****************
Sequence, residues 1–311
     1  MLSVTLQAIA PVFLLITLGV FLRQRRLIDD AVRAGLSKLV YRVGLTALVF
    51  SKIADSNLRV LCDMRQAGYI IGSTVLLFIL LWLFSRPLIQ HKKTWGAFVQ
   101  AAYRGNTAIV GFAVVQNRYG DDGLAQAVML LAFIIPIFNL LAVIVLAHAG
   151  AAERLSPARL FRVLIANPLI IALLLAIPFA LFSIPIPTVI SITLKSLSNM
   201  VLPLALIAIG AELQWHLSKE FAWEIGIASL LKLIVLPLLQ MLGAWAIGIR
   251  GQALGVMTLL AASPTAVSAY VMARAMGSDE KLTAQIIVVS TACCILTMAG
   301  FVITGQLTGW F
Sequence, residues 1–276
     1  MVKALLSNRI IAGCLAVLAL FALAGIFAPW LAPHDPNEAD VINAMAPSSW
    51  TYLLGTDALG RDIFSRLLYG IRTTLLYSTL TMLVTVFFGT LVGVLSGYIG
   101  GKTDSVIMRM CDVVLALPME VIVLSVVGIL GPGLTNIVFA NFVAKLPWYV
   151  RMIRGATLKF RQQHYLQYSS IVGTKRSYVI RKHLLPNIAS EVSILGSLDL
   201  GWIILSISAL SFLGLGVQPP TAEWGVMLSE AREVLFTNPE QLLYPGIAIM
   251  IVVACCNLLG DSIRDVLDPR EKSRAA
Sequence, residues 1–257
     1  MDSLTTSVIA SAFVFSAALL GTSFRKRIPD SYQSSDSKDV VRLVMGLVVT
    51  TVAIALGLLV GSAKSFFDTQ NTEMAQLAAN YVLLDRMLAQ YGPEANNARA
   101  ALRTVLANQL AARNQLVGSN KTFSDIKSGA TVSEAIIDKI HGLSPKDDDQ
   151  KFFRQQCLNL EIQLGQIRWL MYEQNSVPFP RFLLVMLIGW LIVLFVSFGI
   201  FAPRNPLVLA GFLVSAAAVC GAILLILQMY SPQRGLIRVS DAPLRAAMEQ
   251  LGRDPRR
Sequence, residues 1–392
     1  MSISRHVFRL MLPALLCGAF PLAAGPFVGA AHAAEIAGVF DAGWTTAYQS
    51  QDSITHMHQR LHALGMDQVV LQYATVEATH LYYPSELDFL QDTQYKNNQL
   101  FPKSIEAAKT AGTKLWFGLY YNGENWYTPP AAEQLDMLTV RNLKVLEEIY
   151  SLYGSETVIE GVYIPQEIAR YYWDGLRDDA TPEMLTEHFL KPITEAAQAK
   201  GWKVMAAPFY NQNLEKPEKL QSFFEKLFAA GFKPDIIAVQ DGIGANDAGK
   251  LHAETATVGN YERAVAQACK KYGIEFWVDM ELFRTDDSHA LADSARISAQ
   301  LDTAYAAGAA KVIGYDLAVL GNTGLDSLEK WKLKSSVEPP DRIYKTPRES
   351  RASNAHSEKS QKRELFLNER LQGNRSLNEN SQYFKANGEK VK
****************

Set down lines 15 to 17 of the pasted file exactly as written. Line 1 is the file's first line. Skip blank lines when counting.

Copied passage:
   251  IVVACCNLLG DSIRDVLDPR EKSRAA
Sequence, residues 1–257
     1  MDSLTTSVIA SAFVFSAALL GTSFRKRIPD SYQSSDSKDV VRLVMGLVVT